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  • Walls and Laws: Proximity, Distance and the Doubleness of the Border.Marianna Papastephanou - 2011 - Educational Philosophy and Theory 43 (3):209-224.
    In this article, I explore the way in which proximity and distance have been made relevant to cosmopolitanism and I discuss the significance contemporary theory attributes to border crossing. By employing colonial border crossing and its rationalization as an example, and by drawing from Alain Badiou's critique of political philosophy, I expose some of the problems of facile and faddish approaches to planetary movement. I argue that the real borders to be crossed by true cosmopolitans are internal and, regrettably, traversible, (...)
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  • Secretary Paulo Freire and the Democratization of Power: Toward a Theory of Transformative Leadership.Eric J. Weiner - 2003 - Educational Philosophy and Theory 35 (1):89-106.
  • Chronotopoi of the Good Life and Utopia: Bakhtin on Goethe’s Bildungsroman Wilhelm Meister and the Carnivalesque.Norman Franke - 2017 - Educational Philosophy and Theory 49 (9):879-892.
    This paper explores Bakhtin’s reception of Goethe’s Wilhelm Meisters Lehrjahre with a view to assess how Bakhtin’s interest in this early chronotopical masterpiece can be understood in the wider context of his utopian thinking and his political eschatologies. Bakhtin reads Goethe’s novel as a critique of totalitarian forms of Socialist Realism as well as Dostoyevsky’s bourgeois realism. Like his contemporary Ernst Bloch, Bakhtin praises the complexity and richness of Goethe’s concept of realism. In the wake of Hermann Cohen, Georg Simmel (...)
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  • Communitarianism, Education, and Advocacy.Gerard McCann - 1997 - The European Legacy 2 (7):1162-1176.
  • Hesiod the Cosmopolitan: Utopian and Dystopian Discourse and Ethico-Political Education.Marianna Papastephanou - 2008 - Ethics and Education 3 (2):89-105.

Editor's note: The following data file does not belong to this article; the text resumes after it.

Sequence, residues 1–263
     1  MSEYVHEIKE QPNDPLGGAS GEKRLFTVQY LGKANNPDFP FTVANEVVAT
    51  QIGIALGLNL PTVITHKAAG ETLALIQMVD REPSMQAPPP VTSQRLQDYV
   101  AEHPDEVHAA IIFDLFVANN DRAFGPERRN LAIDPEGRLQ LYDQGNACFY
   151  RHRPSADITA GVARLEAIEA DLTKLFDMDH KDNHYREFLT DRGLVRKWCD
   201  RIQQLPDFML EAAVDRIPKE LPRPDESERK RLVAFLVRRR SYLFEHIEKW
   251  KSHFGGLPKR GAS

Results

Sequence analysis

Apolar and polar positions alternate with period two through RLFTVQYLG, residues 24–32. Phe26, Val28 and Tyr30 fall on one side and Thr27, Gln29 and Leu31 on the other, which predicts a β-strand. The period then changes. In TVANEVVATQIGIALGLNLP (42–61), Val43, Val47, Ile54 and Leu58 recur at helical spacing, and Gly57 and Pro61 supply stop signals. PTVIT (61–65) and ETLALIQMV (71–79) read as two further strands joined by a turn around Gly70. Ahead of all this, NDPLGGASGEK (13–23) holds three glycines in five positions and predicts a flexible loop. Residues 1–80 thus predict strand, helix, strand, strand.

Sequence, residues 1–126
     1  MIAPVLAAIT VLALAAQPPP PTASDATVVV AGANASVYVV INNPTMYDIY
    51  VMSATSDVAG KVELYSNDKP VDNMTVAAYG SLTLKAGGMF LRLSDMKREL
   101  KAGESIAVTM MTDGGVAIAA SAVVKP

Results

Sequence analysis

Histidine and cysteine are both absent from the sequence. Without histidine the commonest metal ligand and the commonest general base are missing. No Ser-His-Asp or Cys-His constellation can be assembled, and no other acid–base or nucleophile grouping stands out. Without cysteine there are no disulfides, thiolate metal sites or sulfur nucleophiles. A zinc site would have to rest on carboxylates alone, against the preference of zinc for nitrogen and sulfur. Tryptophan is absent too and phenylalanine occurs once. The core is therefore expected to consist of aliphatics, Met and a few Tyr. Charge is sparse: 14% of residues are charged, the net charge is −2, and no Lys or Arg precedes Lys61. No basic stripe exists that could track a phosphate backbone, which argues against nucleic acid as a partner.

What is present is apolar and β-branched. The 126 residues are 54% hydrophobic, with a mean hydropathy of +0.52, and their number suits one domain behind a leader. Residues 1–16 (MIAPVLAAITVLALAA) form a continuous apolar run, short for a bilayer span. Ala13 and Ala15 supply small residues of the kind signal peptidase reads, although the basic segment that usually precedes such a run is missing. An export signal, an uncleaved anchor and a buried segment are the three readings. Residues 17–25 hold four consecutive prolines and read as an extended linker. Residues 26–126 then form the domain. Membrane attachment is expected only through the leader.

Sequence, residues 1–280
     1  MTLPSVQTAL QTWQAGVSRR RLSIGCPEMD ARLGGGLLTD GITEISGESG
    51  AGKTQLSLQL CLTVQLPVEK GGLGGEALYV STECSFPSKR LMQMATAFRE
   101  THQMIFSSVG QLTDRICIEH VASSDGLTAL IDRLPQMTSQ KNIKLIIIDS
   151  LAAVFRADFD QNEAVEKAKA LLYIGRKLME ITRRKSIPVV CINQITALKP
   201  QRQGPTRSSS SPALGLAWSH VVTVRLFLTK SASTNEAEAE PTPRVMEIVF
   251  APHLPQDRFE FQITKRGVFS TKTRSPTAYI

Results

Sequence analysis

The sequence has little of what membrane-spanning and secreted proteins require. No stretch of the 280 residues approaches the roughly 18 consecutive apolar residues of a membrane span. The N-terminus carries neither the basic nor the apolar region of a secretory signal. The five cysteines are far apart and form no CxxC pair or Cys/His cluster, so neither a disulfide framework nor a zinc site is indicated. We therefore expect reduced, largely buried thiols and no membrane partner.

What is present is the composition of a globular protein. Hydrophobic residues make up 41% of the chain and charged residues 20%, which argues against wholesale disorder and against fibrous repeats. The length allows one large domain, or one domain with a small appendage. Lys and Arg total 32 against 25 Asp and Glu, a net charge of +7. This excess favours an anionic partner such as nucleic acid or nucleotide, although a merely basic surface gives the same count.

The modern tendency to treat all Greek Golden Age textuality as apolitical and escapist has contributed to the ongoing neglect of the first Western educational text, Hesiod's Works and days. Most commentators have missed the interplay of utopian and dystopian images in Hesiodic poetry for lack of the appropriate conceptual framework. Once the escapist prejudice is overcome, the Hesiodic text appears as the first extant Occidental coupling of political utopianism with emancipatory ethico-political education. Once freed of its dated metaphysical-theological resonances, (...)
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  • Pragmatism, Utopia and Anti-Utopia.Ruth Levitas - 2008 - Critical Horizons 9 (1):42-59.
    This paper explores the tension between pragmatism and utopia, especially in the concept of "realistic utopianism". It argues that historically, the pragmatic and gradualist rejection of utopia has been anti-utopian in effect, notably in the case of Popper. More recent attempts to argue in favour of "realistic utopianism" or its equivalent, by writers such as Wallerstein and Rorty are also profoundly anti-utopian, despite Rorty's commitment to "social hope". They co-opt the terminology of utopia to positions that are antagonistic to radical (...)
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  • The Quest for a Perfect Death.: Thoughts on Death and Dying in the Future.Markus Zimmermann-Acklin - unknown
    There is all over the world a sort of fever affecting all the research fields related, closely or somewhat loosely,with human health issues. Some of them – cloning, therapeutic cloning, stem cell therapy, human enhancement, etc. – arise fierce and controversial public debates. At the same time, a concern can be felt worldwide that tomorrow’s medicine might well become more and more « dual », the advanced health devices threatening to become the privilege of a small whealthy minority, or at (...)
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  • Dystopian Reality, Utopian Thought and Educational Practice.Marianna Papastephanou - 2008 - Studies in Philosophy and Education 27 (2-3):89-102.
  • Actions as the Ties That Bind: Love, Praxis, and Community in the Thought of Gustavo Gutiérrez.Thomas A. Lewis - 2005 - Journal of Religious Ethics 33 (3):539 - 567.